My work has focused on the psychology of concepts, with a special interest in how concepts relate to word meaning and language comprehension. One major issue is how knowledge is involved in the initial acquisition of a concept. Many theories of concept learning are purely associative or formal accounts in which the properties of objects are associated to the concept (e.g., you see whiskers when you hear the word cat, so you associate whiskers with cats). But much research has now shown that people's knowledge of a domain influences the kinds of features they attend to and learn about. For example, you might pay attention to whether an animal has whiskers but not to the time of day in which you saw it, because time plays no role in understanding of biological kinds. My work has attempted to understand how knowledge affects learning and use of concepts, through tasks such as category learning, induction, and speeded categorization. Ultimately, we hope to develop a theory of how empirical information (like seeing whiskers on cats) combines with prior knowledge to result in a whole conceptual representation.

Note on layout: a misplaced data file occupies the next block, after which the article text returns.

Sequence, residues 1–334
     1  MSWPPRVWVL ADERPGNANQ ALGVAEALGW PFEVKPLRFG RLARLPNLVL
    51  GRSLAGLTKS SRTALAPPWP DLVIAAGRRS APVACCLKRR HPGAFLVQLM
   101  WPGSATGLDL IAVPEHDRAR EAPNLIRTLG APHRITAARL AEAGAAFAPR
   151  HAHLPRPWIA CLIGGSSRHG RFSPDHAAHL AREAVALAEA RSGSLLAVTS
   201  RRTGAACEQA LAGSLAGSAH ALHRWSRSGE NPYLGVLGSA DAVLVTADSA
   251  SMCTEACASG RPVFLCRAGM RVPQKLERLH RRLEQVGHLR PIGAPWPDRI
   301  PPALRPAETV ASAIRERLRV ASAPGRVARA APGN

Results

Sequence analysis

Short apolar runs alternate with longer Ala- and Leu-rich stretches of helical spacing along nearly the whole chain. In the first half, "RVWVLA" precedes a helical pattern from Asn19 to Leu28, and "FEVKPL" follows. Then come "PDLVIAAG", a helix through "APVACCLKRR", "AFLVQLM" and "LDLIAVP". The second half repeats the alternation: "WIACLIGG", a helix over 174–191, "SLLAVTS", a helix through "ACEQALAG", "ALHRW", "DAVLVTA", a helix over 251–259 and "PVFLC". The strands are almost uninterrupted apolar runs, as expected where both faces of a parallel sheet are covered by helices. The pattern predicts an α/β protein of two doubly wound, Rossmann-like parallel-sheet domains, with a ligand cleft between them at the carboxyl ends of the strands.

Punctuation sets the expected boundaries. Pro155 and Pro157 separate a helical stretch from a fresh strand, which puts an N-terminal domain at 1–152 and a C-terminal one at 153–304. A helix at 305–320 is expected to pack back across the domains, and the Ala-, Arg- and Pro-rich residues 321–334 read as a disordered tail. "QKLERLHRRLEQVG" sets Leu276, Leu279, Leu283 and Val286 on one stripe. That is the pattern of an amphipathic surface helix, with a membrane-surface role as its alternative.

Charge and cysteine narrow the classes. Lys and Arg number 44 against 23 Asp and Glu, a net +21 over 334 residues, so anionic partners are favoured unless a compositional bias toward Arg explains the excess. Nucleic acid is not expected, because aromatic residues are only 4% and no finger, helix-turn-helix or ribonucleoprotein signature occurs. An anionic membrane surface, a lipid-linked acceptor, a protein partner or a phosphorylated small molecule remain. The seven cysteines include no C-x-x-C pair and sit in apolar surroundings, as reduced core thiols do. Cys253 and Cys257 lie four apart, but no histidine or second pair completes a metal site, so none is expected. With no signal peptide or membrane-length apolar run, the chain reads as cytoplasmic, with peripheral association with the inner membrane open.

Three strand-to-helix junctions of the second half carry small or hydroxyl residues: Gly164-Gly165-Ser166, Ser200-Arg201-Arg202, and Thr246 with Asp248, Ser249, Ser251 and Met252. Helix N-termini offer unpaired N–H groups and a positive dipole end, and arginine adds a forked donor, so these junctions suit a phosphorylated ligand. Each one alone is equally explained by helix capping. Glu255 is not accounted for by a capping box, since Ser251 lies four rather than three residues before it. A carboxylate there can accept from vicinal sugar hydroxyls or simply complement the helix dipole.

One important application of research on concepts is its connection to the mental representation of word meanings. There is reason to think that when we use the word chair, say, in a sentence, people understand it by accessing their concept of chairs. Our research has been working out the implications of this claim, especially in the area of conceptual combination, which asks how we understand novel combinations of concept terms, like sewer golf plan or microwave coupons. Recently, I have become interested in the phenomenon of polysemy, which refers to a word having a number of related meanings (e.g., chicken referring to a whole animal or some meat; paper referring to a substance or an oral presentation at a conference). My students and I have been studying polysemy by using traditional psycholinguistic techniques such as priming, as well as by making up our own words and meanings. We have found that there is a relationship between conceptual measures of words (classification and induction) and psycholinguistic measures (priming, comprehension). An important goal of such work is to eventually forge a link between the psychology of concepts and psycholinguistic theories of language use.
I will not be accepting new PhD students for next year.